There was a bonkers moment early in the election campaign when, faced with the ordeal of eating a hot dog in front of the cameras, David Cameron picked up a knife and fork. The absurdity of becoming the first person in history to eat a hot dog with cutlery mattered less, for a prime minister seeking re-election, than avoiding a repeat of Ed Miliband’s bacon sandwich debacle.
But after weeks of hermetically sealed campaigning, with political leaders also kept as far as possible from the great unwashed, the final televised grilling had a whiff of blood sport about it.
An audience for BBC Question Time barked at Cameron, Miliband and Nick Clegg, with several people emboldened to the point of rudeness (“Are you looking forward to unemployment, Mr Clegg?”).
Ahelo has the potential not only to challenge traditional hierarchies but also to redraw the higher education map
No doubt this too was choreographed to an extent – there were complaints about the political affiliations of some of those involved – but at least it was lively, and there was nothing manufactured about the obvious lack of trust in the would-be leaders (if Jeremy Paxman’s default position on politicians is “Why is this lying bastard lying to me?”, then the Question Time audience took much the same stance).
As the country goes to the polls, our cover story asks what is to be done about this cynicism and anger, unpicking topics such as electoral reform; the UK’s relationship with the European Union; the opportunities of “digital democracy”; coalition-building and more.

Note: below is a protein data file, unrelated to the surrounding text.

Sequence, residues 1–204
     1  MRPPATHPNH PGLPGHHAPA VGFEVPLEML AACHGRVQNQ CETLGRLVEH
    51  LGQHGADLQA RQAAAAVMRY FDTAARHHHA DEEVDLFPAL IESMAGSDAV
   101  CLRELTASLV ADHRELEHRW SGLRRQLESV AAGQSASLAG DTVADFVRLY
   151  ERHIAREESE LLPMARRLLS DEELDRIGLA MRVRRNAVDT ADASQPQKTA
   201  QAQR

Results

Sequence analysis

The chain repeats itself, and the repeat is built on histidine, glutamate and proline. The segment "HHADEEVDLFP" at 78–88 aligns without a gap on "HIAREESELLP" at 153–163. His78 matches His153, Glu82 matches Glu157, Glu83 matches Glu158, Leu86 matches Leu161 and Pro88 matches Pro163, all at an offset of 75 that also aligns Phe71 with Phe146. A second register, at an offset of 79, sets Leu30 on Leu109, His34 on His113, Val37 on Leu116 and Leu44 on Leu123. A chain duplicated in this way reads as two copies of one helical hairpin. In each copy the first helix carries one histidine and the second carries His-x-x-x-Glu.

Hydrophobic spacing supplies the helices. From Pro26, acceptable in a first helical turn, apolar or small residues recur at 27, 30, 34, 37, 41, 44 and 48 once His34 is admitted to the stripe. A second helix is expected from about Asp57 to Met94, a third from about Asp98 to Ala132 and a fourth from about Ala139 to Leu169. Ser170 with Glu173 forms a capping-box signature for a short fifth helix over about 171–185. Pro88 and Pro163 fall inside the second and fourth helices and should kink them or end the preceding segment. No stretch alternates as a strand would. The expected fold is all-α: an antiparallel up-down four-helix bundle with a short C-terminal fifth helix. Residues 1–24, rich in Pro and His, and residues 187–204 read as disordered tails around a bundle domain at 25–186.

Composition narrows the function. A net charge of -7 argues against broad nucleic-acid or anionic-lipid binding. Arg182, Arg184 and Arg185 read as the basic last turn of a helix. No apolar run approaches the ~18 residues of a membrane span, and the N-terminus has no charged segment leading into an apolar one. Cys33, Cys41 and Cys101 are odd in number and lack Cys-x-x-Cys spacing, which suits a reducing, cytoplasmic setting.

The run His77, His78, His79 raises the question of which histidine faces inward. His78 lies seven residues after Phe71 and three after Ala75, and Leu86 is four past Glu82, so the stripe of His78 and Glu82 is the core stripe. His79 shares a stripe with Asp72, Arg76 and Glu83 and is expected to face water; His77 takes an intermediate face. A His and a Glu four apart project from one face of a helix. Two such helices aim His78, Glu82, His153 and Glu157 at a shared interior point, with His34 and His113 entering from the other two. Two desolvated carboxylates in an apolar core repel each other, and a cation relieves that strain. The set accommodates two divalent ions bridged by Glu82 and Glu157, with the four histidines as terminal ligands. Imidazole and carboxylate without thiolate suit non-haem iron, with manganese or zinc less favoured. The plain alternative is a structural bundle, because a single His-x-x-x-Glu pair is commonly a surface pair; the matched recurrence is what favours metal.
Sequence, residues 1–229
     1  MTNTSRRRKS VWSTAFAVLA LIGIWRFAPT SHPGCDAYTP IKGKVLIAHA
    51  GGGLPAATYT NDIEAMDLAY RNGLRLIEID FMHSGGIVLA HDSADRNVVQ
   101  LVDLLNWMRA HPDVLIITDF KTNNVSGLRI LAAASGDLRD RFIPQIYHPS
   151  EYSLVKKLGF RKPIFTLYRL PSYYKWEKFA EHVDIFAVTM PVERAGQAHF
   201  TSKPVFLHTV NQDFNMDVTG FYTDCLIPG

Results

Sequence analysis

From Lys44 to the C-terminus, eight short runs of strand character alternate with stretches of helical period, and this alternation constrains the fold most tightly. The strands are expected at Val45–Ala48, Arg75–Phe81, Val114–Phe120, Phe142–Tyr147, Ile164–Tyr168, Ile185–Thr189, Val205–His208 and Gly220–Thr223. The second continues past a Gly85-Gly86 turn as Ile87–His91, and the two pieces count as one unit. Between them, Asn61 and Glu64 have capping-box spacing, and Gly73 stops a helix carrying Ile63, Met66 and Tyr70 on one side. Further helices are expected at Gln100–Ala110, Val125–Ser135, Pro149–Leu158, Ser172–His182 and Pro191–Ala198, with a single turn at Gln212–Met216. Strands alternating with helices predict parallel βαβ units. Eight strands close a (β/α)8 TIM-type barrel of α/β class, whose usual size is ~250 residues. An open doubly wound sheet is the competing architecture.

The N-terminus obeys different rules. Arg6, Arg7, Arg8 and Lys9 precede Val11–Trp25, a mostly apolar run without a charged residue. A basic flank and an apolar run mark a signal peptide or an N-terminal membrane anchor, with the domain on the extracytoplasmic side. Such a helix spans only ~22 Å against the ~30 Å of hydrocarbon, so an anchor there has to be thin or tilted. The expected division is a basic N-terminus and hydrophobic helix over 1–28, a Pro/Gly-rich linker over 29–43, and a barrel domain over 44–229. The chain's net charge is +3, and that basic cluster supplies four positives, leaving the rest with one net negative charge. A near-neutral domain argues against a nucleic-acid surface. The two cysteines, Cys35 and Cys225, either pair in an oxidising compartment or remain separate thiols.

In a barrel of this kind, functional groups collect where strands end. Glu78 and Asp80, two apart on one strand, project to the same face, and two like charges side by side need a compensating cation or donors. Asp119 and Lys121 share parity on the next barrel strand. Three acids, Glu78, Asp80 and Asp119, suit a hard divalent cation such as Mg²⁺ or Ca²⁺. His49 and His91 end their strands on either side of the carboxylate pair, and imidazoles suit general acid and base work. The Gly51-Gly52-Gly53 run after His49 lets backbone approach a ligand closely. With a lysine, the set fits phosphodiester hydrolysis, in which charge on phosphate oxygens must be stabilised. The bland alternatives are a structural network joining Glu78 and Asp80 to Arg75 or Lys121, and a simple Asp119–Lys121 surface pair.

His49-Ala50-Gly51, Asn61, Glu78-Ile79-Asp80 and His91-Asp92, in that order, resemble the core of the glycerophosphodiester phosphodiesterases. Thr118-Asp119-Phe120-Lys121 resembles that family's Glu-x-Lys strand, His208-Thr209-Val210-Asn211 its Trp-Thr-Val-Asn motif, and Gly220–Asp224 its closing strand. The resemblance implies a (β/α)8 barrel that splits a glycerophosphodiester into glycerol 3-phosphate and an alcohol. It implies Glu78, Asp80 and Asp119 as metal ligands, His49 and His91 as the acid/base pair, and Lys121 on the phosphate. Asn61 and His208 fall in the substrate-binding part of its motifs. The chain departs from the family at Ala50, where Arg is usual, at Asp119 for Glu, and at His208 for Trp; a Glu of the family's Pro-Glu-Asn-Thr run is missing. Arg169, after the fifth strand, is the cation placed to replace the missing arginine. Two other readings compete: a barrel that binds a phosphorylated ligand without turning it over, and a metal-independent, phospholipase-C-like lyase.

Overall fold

One of the recurring themes raised by our academic contributors is that it is not structural change but securing genuine participation that is the key to fixing the political system. As Emma Crewe, an anthropologist who researches British politics, puts it: “We all play a part in political failures when we refuse to engage.”
Elsewhere in this week’s issue, we take a look at a potentially game-changing development in the way university performance is measured globally.
The Assessment of Higher Education Learning Outcomes project, brainchild of the Organisation for Economic Cooperation and Development, is an attempt to create a standardised measure of the educational “value added” by a university.
With current scrutiny of university performance heavily weighted towards research (which is much more easily measured than teaching and learning), Ahelo has the potential not only to challenge traditional hierarchies but also to redraw the higher education map.
Andreas Schleicher, the OECD’s director for education and skills, has shown how powerful standardised measures of this sort can be with the schools-focused Programme for International Student Assessment. He says that the ball is now in the court of OECD member nations, including the UK, as to whether they want to take the idea forward. The risks to the established, high-ranking systems is plain, and Schleicher accepts that those with the most to gain – particularly in Asia – are also those with the most enthusiasm.
However, as the UK goes to the polls it is worth remembering that the Conservatives’ mooted idea of a teaching equivalent of the research excellence framework would rely on some measure of teaching quality, which is what Ahelo would aim to provide.
The OECD members have until the end of May to decide whether to play ball: to engage or not to engage – that is the question.
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